Alexander declared after being ruled academically ineligible. He has a reputation of being something of a knucklehead. Alexander has admitted that he needed to grow up after he got a big head during the early part of his stay at Virginia Tech. That period of his career was mired with goofball antics, including a marijuana habit and an aversion to the classroom. Alexander received 12 months' probation following an April 2016 marijuana citation that occurred hours after the Hokies’ spring game.

Fortunately for him, the NFL has taken a more progressive view of pot in recent years. Alexander’s stock may take a slight hit because of all this, but that’s all it will be — a theoretical slight hit. And there’s this: The Virginia Tech coaching staff has publicly vouched for him.

He comes equipped with elite length, strong ball skills and some lower-half power, as evidenced by his solid jumps. In another life, Alexander may have been a possession receiver.


Unfortunately, Alexander’s athleticism is middling. His 4.6 speed was apparent on tape, as was his lack of quick-twitch athleticism. Alexander can get torched deep by speedy receivers and abused underneath by shifty wideouts. He has a labored backpedal and is a bit stiff in the hips. He’s a long-strider who plays high and doesn't have great short-area quickness. Because of this, he can get crossed up and left behind by nifty route runners.

Alexander excels when he can keep his man in front of him, disrupting at the catch point by crashing down with the ball in the air and getting his ropey arms tangled between the receiver and the projectile. Because of his length, Alexander has a huge tackling strike zone. His willingness to help out in the run game comes and goes. Sometimes he’d crash down and make a valuable tackle most collegiate corners wouldn't have been in a position to make, and sometimes he’d whiff on the ball-carrier like a hard-to-watch Chris Davis cut.

Alexander’s length and ball skills make him a fit for teams that press and play zone coverage. I had him ranked him in the CB13-15 range on my 2019 cornerback list before news of his dismissal, and saw him as a Rounds 4-5 guy. I think he’ll be available at a slight discount on Wednesday. But the team picking him better be aware that Alexander probably isn’t ready to play immediately. Until his technique improves, Alexander is just a big corner who lacks the movement skills to put himself in positions to capitalize on his length and ball skills.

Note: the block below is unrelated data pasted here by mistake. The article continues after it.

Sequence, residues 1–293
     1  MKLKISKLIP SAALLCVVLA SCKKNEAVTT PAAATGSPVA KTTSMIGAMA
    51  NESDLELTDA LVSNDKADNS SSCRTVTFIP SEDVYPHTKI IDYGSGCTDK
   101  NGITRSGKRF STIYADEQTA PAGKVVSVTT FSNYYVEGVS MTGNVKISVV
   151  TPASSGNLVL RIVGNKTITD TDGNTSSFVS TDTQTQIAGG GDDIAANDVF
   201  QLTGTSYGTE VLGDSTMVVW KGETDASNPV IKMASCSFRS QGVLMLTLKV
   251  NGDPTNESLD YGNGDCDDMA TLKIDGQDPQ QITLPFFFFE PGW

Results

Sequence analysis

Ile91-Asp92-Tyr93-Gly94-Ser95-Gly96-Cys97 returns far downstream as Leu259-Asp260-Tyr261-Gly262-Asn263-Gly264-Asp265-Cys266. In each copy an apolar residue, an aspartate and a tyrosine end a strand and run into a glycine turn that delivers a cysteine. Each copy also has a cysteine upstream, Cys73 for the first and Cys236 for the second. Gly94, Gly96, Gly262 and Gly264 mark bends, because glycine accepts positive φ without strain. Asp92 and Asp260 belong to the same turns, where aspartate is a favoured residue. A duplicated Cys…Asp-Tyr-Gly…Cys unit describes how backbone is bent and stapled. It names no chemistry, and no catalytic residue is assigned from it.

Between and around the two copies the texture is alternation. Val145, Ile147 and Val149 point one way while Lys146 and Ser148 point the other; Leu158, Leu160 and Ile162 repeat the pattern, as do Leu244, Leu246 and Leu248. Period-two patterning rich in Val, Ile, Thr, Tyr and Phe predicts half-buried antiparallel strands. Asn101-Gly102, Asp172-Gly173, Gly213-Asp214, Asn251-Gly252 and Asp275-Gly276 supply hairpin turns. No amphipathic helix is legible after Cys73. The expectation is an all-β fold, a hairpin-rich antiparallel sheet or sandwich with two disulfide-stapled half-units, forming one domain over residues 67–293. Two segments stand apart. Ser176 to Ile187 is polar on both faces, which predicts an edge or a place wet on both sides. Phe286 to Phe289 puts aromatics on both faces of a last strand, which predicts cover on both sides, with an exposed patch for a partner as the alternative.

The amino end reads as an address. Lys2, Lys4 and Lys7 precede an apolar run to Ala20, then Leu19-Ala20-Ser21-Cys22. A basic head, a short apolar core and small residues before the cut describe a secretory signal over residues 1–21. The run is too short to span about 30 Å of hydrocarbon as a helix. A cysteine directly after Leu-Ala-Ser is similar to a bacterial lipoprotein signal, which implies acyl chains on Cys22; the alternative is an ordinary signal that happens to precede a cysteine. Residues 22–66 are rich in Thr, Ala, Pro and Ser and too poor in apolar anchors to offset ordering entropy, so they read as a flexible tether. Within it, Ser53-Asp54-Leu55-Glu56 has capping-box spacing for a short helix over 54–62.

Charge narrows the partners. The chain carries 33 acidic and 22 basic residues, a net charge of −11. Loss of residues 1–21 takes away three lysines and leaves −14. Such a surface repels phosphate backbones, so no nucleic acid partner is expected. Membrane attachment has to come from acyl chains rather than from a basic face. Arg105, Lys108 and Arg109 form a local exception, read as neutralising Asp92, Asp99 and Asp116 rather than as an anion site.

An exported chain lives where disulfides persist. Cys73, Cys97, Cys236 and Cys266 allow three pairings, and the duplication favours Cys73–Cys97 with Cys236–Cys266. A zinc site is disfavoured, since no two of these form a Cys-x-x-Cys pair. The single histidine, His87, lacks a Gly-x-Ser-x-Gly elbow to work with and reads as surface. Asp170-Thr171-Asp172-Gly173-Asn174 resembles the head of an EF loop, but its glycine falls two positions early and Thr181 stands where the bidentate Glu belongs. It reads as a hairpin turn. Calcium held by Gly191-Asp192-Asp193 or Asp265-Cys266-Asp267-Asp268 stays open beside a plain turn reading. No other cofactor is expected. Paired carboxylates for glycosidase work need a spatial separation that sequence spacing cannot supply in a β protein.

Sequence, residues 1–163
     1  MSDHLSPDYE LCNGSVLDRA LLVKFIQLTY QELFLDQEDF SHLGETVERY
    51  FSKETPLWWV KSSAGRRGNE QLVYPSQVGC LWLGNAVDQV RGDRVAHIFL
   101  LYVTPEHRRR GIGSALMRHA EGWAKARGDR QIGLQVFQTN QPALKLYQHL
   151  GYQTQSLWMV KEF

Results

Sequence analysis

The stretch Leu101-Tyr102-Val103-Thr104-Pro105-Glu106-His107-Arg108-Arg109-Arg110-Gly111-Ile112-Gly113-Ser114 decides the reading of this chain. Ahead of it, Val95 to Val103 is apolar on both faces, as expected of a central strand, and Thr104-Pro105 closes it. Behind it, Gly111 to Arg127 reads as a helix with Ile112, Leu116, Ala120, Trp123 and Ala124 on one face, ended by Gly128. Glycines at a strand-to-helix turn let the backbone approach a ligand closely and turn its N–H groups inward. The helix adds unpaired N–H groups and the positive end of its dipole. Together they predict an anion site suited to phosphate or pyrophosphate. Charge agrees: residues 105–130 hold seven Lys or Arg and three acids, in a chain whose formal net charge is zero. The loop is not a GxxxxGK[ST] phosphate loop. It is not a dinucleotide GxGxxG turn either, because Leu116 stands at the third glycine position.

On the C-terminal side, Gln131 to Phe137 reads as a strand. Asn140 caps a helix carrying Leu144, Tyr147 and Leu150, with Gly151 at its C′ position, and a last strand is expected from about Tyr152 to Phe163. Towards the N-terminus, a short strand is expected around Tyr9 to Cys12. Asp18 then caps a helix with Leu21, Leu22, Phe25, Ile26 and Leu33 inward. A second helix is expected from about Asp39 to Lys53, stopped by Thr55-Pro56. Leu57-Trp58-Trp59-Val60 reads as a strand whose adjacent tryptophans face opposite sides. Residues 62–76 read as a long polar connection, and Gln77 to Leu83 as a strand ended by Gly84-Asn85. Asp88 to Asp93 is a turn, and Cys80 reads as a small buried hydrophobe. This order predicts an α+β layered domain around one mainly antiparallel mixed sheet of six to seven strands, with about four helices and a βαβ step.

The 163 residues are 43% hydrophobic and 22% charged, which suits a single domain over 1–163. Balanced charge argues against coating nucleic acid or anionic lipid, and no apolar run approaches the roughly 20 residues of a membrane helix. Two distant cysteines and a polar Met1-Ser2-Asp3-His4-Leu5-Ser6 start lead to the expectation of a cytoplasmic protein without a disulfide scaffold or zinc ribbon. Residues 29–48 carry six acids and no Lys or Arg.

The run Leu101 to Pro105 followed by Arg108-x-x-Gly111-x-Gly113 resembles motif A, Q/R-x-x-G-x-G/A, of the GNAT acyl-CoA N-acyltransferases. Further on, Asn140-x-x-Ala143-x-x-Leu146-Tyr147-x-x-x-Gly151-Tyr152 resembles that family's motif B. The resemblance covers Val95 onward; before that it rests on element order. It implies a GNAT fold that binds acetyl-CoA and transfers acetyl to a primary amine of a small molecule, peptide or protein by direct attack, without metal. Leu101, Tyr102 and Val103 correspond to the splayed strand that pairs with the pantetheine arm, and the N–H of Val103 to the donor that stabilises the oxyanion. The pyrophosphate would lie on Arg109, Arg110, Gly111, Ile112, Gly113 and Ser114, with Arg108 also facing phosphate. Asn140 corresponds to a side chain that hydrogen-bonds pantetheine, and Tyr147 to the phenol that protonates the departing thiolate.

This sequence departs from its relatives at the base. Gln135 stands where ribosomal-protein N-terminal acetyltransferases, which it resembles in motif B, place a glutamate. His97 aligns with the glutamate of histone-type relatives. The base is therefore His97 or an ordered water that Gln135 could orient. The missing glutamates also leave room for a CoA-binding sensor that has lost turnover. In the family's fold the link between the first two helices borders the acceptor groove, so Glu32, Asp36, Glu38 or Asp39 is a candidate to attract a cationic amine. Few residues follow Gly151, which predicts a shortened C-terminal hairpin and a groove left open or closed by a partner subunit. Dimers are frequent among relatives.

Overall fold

If Alexander is unable to make it as a corner, he does have the ability to move back and play safety, a position that would be more forgiving to his lack of foot speed. That position would play up his north-south game while mitigating the instances where his lack of agility is leveraged against him. Even as a safety, though, he’d have below-average athleticism -- so I find it hard to dream on this high ceiling I've read about.

Alexander was reportedly rated extremely highly by the NFL’s scouting services. I thought Alexander was over-hyped over the winter when I was doing early work on the 2019 class, and that opinion has only calcified now that Alexander has cost himself the extra year to work on his game that he desperately needed.

Prediction: Round 6
Team: Chiefs


continue story »
12
Thor Nystrom is a former MLB.com associate reporter whose writing has been honored by Rolling Stone magazine and The Best American Essays series. Say hi to Rotoworld's college football writer on Twitter @thorku.
Email :Thor Nystrom



Highest Searched Players over the last 7 days



Video Center

  •  
    Dose: Conner Back for Wk 15?

    Dose: Conner Back for Wk 15?
  •  
    Dose: Ekeler in Doubt

    Dose: Ekeler in Doubt
  •  
    NBA Waivers: Melton, Burks

    NBA Waivers: Melton, Burks
  •  
    Dose: Kittle explodes vs. DEN

    Dose: Kittle explodes vs. DEN
  •  
    Player News: Week 14

    Player News: Week 14
  •  
    Week 14 Starts: Baker Mayfield

    Week 14 Starts: Baker Mayfield
  •  
    Week 14 Sits: Mack, Peterson

    Week 14 Sits: Mack, Peterson
  •  
    Dose: Oh, Henry!

    Dose: Oh, Henry!